Communities consisted of widely dispersed households separated by garden plots and woodlots. Each household or farmstead consisted of dwellings and work areas for one or more closely related families. The size, shape, and number of dwellings varied. Some houses were circular, conical, and covered with thatch. Others were oval or rectangular, made of timber stuck vertically into the ground and daubed with mud, and roofed with thatch or bark. An elevated corncrib, outdoor work platform, and upright log mortar for pounding corn usually stood near the dwelling. Inside the house were sleeping and storage platforms where baskets and supplies were kept, and a central fireplace. Woven mats, made usually by women and often elaborately decorated, covered floors and benches, and were important ritual items. Each community also had at least one temple or religious building, originally on an earthen platform mound, where sacred objects were kept and the most important rituals were performed.
Society was organized by households and clans. Social position, marriage prospects, and some political roles were based on clan membership. Political leaders of the community, tribe, and confederacy were a ranked set of offices, with a priest, or xinesi, holding the highest civil and religious position in the confederacy. Other leaders took care of various secular or sacred activities, and one group, shamans or connas, performed a variety of rituals and treated illnesses.
The Caddo world was populated by many supernatural beings who had varying degrees of importance and power, with a supreme being, Ayo-Caddi-Aymay, having authority over the others. A series of rituals performed to ensure favorable relations between people and these supernatural beings and forces organized the annual cycle of life. These included a springtime planting ceremony, an 'after harvest' ceremony in the fall, and numerous ceremonies to commemorate birth, death, warfare, housebuilding, and other important individual and community events.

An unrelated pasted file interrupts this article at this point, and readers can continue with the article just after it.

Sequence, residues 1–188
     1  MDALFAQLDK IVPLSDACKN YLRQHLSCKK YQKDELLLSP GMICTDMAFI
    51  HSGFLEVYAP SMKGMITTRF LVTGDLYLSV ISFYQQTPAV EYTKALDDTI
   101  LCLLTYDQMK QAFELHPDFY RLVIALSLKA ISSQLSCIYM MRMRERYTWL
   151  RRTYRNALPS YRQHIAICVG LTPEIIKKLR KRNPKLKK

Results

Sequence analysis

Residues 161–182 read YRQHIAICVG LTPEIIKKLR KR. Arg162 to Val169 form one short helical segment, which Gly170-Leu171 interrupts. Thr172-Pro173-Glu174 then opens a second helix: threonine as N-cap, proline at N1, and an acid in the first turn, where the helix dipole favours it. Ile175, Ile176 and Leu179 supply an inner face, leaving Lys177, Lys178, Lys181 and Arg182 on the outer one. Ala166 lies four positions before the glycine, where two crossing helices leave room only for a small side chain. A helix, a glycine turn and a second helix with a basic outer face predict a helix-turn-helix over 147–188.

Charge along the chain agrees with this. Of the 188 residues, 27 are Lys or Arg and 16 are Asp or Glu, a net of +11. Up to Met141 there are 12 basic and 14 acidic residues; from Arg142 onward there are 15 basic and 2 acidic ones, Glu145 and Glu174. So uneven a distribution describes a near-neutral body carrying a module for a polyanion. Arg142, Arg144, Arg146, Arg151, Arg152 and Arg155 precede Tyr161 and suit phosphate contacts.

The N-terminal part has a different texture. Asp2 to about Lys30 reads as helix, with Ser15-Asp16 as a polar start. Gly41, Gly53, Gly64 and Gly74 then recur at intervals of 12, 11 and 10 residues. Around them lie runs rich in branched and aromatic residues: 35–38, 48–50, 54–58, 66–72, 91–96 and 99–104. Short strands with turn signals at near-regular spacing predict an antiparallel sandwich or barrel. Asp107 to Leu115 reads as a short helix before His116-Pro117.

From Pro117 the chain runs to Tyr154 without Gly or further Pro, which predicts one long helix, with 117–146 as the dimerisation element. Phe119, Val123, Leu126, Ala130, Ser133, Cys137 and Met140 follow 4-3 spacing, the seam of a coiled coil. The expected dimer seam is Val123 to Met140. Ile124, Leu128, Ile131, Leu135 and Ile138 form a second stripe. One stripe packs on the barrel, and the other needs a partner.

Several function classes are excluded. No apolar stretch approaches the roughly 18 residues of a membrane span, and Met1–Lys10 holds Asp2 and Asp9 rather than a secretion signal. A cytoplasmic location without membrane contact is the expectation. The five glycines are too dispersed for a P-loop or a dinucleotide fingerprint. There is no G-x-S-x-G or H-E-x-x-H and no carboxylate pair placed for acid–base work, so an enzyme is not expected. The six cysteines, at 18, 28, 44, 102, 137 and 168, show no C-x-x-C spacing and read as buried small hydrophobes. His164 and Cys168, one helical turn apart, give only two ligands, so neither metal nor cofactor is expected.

The multilayered organization of Caddo society provided a way to interact with Europeans. When European travelers approached, they were usually met along the path by a contingent of greeters from the community. The travelers would be escorted to the dwelling of the caddi, the community leader, or to a special structure, and be seated in a place of honor. Here community leaders shared with the Europeans a smoke of tobacco from a calumet-an elaborately decorated pipestem and bowl, which created a bond of friendship that extended to all members of the respective communities. In this way the Caddo recognized the relationships among different members of their own confederacy, and they were able also to incorporate Europeans within their hierarchically organized society.
The Caddo were important trading partners and allies of both France and Spain during the colonial era. However, epidemic diseases; competition and occasional hostilities with the Osage, the Cherokee, and the Choctaw; and the westward spread of American settlement eventually encroached on their domain. The Ouachita valley communities moved shortly after A.D. 1700, the last Red River communities were abandoned in the late 1700s, and in the nineteenth century most Caddo were forced to move first to Texas and then to reservations in Indian Territory. A large number of Caddos now live near Binger, Oklahoma, where their modern tribal center is located.